What Can You Do When Nothing’s Working In Your Job Search?

Dec 9 2009 in Featured, Job Search Strategy, reCareered Blog by Phil Rosenberg

What can you do if nothing’s working in your job search?

How about changing your search?

I talked to a candidate today who was frustrated. He’d been job searching for about a year, and he was getting nowhere. He’d sent 1,000 resumes, and had gotten just five face-to-face interviews….a response rate of ½%

I asked a few more questions to learn that he sent about 950 resumes to recruiters, and about 50 directly to ads.

I asked what he thought he should do differently in his search. He responded “Send more resumes? Maybe hiring will improve next year.”

Wow, this poor guy is sending over 2.5 resumes per day, 7 days a week, and his answer is send more.

Send more resumes is the answer if you’re sending less than 10 resumes, maybe 20 resumes per month. He was already sending 85 resumes per month. This reminds me of a piece I wrote last year called The Definition of Insanity quoting Albert Einstein … I figure a really smart guy like Einstein might have some interesting things to say, so I quoted him.

When your job search strategy isn’t working … why not change your strategy?

This is the toughest job market in our lifetime. The Department of Labor continues to release figures that show there many times more unemployed people than open jobs.

It’s easy to blame poor job search results on the job market or the economy. But it won’t get you anywhere.

Why not try a tougher alternative? Why not try changing your activities, rather than just increasing them? I’m not saying it’s easy and it may push you from your comfort zone. But it’s probably more effective than complaining about the job market, and doing more of the same old thing. How about working smarter?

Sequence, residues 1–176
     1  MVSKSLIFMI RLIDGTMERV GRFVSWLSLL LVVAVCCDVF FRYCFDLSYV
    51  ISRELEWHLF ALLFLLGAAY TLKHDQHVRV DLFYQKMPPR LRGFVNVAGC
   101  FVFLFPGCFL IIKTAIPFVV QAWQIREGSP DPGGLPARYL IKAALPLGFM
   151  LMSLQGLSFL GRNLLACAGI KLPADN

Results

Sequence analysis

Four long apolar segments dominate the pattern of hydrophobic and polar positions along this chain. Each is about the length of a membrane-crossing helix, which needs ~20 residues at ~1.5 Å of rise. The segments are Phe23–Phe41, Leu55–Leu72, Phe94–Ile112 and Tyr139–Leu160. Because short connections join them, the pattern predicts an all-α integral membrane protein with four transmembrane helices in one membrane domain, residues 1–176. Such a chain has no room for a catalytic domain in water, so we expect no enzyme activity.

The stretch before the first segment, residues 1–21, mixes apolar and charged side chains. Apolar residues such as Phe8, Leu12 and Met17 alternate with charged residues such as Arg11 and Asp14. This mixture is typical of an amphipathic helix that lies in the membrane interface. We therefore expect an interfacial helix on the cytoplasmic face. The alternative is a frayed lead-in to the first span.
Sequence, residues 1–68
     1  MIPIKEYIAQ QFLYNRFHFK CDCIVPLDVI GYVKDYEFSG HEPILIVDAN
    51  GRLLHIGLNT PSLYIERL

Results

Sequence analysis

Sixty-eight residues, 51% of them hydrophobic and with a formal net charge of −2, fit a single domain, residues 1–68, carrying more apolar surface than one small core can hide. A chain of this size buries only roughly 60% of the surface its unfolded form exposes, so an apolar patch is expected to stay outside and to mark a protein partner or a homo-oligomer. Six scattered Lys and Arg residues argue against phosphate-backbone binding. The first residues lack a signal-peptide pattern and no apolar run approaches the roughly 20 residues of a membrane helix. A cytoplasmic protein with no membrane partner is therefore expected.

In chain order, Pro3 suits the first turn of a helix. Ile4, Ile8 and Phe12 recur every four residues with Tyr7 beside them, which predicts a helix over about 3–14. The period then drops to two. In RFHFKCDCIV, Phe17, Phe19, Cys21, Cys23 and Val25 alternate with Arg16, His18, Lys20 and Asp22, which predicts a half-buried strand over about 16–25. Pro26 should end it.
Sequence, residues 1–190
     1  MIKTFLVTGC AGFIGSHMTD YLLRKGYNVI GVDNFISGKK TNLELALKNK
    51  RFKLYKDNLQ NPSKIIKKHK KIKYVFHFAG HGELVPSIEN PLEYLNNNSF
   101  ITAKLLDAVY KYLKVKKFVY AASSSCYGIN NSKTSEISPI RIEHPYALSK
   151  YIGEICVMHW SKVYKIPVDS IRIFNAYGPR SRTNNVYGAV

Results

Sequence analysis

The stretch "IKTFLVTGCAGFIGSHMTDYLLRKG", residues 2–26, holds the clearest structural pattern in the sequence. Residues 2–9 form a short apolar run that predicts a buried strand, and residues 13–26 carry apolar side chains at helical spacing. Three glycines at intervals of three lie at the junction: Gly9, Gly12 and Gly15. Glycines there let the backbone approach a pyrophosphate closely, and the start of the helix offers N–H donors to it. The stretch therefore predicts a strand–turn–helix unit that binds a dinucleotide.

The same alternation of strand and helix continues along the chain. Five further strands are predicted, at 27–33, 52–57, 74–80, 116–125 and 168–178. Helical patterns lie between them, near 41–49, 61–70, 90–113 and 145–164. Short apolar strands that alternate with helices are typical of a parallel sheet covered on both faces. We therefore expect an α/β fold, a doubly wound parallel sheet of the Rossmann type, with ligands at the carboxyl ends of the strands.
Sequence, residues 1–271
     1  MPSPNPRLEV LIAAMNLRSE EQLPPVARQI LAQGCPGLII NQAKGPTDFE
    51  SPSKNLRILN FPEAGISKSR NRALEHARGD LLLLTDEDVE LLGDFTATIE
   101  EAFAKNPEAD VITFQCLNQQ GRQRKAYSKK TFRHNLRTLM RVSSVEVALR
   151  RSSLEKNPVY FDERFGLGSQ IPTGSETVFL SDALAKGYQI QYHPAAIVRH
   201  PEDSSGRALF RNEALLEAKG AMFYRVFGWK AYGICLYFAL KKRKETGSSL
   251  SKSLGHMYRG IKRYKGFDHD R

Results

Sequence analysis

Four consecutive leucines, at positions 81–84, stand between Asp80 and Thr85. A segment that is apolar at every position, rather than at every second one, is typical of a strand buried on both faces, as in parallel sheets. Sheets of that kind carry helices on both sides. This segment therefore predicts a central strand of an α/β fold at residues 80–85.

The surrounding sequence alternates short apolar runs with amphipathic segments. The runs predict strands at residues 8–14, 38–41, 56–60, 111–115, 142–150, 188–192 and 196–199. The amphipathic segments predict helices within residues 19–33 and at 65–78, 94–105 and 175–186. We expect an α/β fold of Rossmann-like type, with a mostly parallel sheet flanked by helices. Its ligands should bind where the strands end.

This guy had a basic problem … he was chasing after jobs the same way everyone else is. It’s an easy approach, because we’re all used to it. We were taught this approach early in our career, often when we graduated school. For many of us, we sent resumes in to jobs advertised in the paper (or online), and sent resumes to recruiters. It’s a passive way to search for a job and one that emotionally protects us from direct rejection.

Some others take a slightly more active, but still flawed approach – they drop in to HR offices and ask to speak with a HR representative, without an appointment, dropping off a resume and asking if the company is hiring. It’s how our parents looked for jobs, so it should be good enough for today. Again, it’s something we’re used to, so it’s within our comfort zone … just not very effective.

The problem with all of these approaches is they target the advertised job market, when 80% of jobs are unadvertised (maybe more … I saw an article that quoted CNN saying 95%, but I haven’t found the source).

The unadvertised job market has much less competition, and gives the candidate a much greater chance to differentiate themselves against the competition … because in the unadvertised job market, the candidate designs the job.

The problem is that most candidates don’t know how to approach the unadvertised market, because it’s not easy … but it can be very effective.